Shoshin Nagamine sensei, 10th dan and founder of Matsubayashi-ryu Karate-do.

Nagamine Matsubayashi-ryu karate dojo. TOP: as it looked in the 1960’s. CENTER  Modern photo of dojo and BOTTOM: modern appearance of inside of dojo.
Since many of the karate members and Nagamine sensei had practiced Judo then and in the past we would occasionally take some time out to relax and randori together on the dojo wooden floor!  One can learn a lot about falling ways on those old wooden tongue and grove floors, but they were not as hard as one might expect.  The dojo floors appeared to be laid on floor joists that were limber and had some give to it, so it was not like a solid floor over a hard surface.  From photos I gather since my days there that the floor had been replaced with Vanier flooring as illustrated in the image above.

Michael Cox (http://www.okinawan-shorinryu.com/) sent me a neat photo of Nagamine sensei in his early Judo days, shown in this image:

Shoshin Nagamine sensei, receiving Judo shodan in 1946. 

Miyazato Ei'ichi O'Sensei; Judo and Goju-ryu Master

Since Miyazato sensei was President of the Okinawan Judo federation the U.S. Air Force would invite him to accompany the Air Force Judo Team from Okinawa to Japan when we needed a coach.  He liked that because it was a free trip to Japan to see relatives and catch up on politics.   He as a very good Judoka as well as Goju-ryu karate master.  I remember once he drove me to his new dojo in north side of Naha and allowed me to train there for an hour or so.  After that I would go up once a week to train and learn from him.  Goju is a very different type of karate that I was used to and I was usually drained of energy after practice. At any rate I would never practice Matsubayashi-ryu  or Goju-ryu karate formerly at a dojo again.  Miyazato sensei passed away in 1999.

Miyazato Ei'ichi O'Sensei - Goju Ryu Karate-Do Okinawa and President of the Okinawan Judo Federation.  Photo of Miyazato at barracks window on Johnson Air Base, Japan.

Miyazato Ei'ichi O'Sensei - Goju Ryu Karate-Do Okinawa (judan) 


While stationed at Westover AFB, Massachusetts (Strategic Air Command) my time was limited so I didn't practice but a few times there. Other Judo people at Westover were Sam Williams, Ronald Hubbard (see placard below; Judo Olympic Tryout), Jerry Cassell, Guy Coachman, Paul Shaffer and Ed Meade, and more. The Judo club at Westover was a very active club and was visited by many of the great American Judo players of that time. I worked out whenever I was at the base but that was not frequent due to the TDY trips.  One of the Curtis-Wright Tech reps for the B52 Simulator section was Judo player, Nidan, and we would practice together after work during those brief periods that I was at the home base. He broke my little toe on the mat!  Cannot remember his name.  Ronald Hubbard was in the 1964 Olympic tryouts, but according to some people his wife put a stop to that.

1964 Olympic Tryout Placard

It must have been bad luck to return to the USA then because only a couple of months later, in October 1962, the Cuban Missile Crisis erupted and the wing commander told us that "we were target number one for the USSR, so think in terms of being expendable!"  That was a scary time, especially for a military person on a SAC base.  Then and only one other time did I watch every B-52, KC-97 and KC-135 take off, with all bombers taking off within fifteen minutes.  We were sure theend of days were at hand.  Things calmed down and we more or less forget about it. It did delay deployment of the B-52 mobile simulator until January 1963 Also, the Air Force extended our enlistments and after that I decided to stay in for another enlistment.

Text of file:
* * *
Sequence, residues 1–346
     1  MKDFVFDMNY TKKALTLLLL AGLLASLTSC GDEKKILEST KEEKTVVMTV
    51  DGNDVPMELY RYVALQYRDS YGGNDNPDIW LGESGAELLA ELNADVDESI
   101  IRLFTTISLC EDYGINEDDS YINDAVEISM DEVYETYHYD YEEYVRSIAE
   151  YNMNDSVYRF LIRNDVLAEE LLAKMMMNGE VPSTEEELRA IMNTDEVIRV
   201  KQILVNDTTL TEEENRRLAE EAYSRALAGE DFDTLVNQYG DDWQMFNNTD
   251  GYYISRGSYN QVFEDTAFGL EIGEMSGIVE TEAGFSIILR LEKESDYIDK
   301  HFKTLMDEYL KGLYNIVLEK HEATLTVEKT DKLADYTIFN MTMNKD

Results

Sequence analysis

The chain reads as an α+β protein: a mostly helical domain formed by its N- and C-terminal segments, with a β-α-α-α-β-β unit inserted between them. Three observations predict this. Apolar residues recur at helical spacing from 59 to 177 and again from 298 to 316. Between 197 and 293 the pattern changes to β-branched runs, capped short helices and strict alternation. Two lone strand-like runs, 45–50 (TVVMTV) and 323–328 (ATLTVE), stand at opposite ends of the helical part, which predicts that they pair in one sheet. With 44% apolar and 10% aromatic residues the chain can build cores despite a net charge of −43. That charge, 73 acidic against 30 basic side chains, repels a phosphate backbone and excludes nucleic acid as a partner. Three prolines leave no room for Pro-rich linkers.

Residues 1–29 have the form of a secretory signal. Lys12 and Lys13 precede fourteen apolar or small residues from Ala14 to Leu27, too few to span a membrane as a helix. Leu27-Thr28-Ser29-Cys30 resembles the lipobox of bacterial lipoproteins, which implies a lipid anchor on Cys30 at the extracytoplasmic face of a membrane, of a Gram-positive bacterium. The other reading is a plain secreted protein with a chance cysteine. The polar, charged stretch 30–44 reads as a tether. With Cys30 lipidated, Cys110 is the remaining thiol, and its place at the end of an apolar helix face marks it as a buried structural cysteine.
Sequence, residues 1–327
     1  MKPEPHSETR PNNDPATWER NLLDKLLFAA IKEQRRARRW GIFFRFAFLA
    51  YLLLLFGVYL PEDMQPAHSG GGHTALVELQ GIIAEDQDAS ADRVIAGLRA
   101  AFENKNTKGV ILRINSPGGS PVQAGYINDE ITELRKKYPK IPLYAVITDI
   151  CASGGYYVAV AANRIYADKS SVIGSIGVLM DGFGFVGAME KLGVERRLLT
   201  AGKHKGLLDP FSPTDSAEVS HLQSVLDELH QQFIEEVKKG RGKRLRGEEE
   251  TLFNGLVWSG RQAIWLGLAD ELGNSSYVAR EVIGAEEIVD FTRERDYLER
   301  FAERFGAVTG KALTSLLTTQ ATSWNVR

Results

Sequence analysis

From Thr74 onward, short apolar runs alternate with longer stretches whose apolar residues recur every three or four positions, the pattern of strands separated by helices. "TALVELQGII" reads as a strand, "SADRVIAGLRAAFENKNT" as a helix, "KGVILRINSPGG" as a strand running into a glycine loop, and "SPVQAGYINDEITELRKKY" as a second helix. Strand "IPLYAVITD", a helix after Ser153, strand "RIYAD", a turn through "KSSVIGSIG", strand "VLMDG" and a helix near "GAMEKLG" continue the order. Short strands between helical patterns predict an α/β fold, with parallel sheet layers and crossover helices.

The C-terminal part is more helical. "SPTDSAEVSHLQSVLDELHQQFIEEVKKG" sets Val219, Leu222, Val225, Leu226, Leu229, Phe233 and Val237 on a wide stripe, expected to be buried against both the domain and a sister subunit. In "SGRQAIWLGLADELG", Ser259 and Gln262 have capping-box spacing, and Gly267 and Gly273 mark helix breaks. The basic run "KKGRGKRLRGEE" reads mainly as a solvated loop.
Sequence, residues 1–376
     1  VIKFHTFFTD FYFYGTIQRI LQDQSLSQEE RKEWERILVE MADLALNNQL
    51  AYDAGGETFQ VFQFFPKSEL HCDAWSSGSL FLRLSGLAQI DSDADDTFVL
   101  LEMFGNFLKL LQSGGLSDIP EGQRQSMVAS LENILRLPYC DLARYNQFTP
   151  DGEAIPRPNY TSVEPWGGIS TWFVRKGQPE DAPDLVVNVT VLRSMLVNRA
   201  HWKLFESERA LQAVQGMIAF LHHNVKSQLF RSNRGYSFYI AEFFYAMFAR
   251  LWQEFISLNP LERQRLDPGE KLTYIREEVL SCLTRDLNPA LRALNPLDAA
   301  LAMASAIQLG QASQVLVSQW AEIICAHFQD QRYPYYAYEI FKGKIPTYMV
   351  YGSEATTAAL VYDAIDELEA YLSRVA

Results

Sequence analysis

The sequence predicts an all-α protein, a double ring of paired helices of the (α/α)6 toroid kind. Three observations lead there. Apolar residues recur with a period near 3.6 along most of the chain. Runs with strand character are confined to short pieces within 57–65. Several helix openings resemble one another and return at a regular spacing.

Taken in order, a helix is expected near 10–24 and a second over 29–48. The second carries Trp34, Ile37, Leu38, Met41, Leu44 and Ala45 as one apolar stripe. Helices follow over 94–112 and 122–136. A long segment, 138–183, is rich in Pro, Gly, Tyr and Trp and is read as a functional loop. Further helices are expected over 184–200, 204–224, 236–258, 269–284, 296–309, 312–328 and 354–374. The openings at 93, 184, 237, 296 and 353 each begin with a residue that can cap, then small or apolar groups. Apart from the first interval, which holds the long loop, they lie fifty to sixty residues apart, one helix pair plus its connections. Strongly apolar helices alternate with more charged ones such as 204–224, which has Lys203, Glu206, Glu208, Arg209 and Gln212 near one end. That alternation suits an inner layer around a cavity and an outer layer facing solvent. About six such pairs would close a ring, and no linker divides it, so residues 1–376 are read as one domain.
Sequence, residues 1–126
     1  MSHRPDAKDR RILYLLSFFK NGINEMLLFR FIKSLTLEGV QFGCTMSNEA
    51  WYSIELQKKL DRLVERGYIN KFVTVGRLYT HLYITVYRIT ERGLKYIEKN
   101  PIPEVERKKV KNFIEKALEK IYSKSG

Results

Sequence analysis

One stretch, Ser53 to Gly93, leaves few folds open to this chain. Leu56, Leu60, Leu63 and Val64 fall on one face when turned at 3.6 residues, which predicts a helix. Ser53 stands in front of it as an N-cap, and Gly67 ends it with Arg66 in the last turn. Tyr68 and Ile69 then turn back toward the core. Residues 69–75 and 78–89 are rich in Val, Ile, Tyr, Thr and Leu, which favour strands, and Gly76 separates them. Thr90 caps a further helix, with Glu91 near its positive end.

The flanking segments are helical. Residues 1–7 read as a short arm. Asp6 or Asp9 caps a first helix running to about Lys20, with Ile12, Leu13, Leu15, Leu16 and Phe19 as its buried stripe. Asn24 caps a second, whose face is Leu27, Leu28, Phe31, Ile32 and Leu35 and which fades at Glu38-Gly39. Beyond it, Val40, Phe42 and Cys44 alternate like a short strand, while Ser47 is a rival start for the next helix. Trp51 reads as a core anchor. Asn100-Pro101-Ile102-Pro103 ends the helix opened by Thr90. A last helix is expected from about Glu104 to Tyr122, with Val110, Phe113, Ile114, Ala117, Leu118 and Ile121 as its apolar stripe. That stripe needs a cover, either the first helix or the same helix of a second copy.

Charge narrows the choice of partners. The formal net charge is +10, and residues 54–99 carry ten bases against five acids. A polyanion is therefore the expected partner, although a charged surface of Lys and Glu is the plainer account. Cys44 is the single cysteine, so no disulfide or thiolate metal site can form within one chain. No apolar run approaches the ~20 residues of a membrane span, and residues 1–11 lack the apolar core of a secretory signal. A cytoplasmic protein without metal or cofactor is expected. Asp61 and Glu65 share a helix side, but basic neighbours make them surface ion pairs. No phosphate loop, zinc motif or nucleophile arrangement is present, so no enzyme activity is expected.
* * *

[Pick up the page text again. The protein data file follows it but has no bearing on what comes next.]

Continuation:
In January 1963 I went on the B52 mobile simulator to Wright-Patterson AFB, Ohio where my old friend Preston Pugh was an instructor at the club that was housed in the old Civilian Club that had been built before the Second World War!  He and I were at the Kodokan and tournaments together in Okinawa and Japan. The mats were on the stage of the big club and eventually the Judo club bought the place and made a 100x30-foot Judo mat on the main dance floor of the club. Bill Powell was the head instructor.

The mobile simulator would be located for a month at Wright-Patterson AFB, Ohio; and then a month at Turner AFB, Georgia and a month at McCoy AFB, Florida.  In late July and early August 1963 I attended the Armed Forces Judo Training Camp at the Denver School of Judo and we all stayed at Lowey AFB, Colorado (see the photo below).  Many of the participants in the photo are still friends and we correspond regularly. Some of the Judoka in the photo above are:  George Harris (Back row, 3rd from left), Jerry Hays (back row, 11th from left), me (back row, 4th from right), Tosh Seino (kneeling, 8th from left).  I remember that someone there gave me a head butt and broke my nose.

The First Armed Forces Judo Training Camp at the Denver School of Judo for the 1963 Armed Forces Team in late July and early August 1963. We stayed at Lowry Air Force Base.  I am standing 4th from right.
Later in August I was sent to Vietnam TDY until October 15 to install a C-123 simulator somewhere south of Saigon.  Soon after that I returned to the USA and was on the road for the rest of 1963 and most of 1964. Then I returned to Westover for NCO school in November 1964.

Our mobile simulator was also located at Turner AFB, Georgia and I practiced at their club and have forgotten all the names, except for sensei John Sinclair (Nidan).  Judo activity was only once or twice a week. John also had Judo club at YMCA in Albany.  It was a good club and I learned well.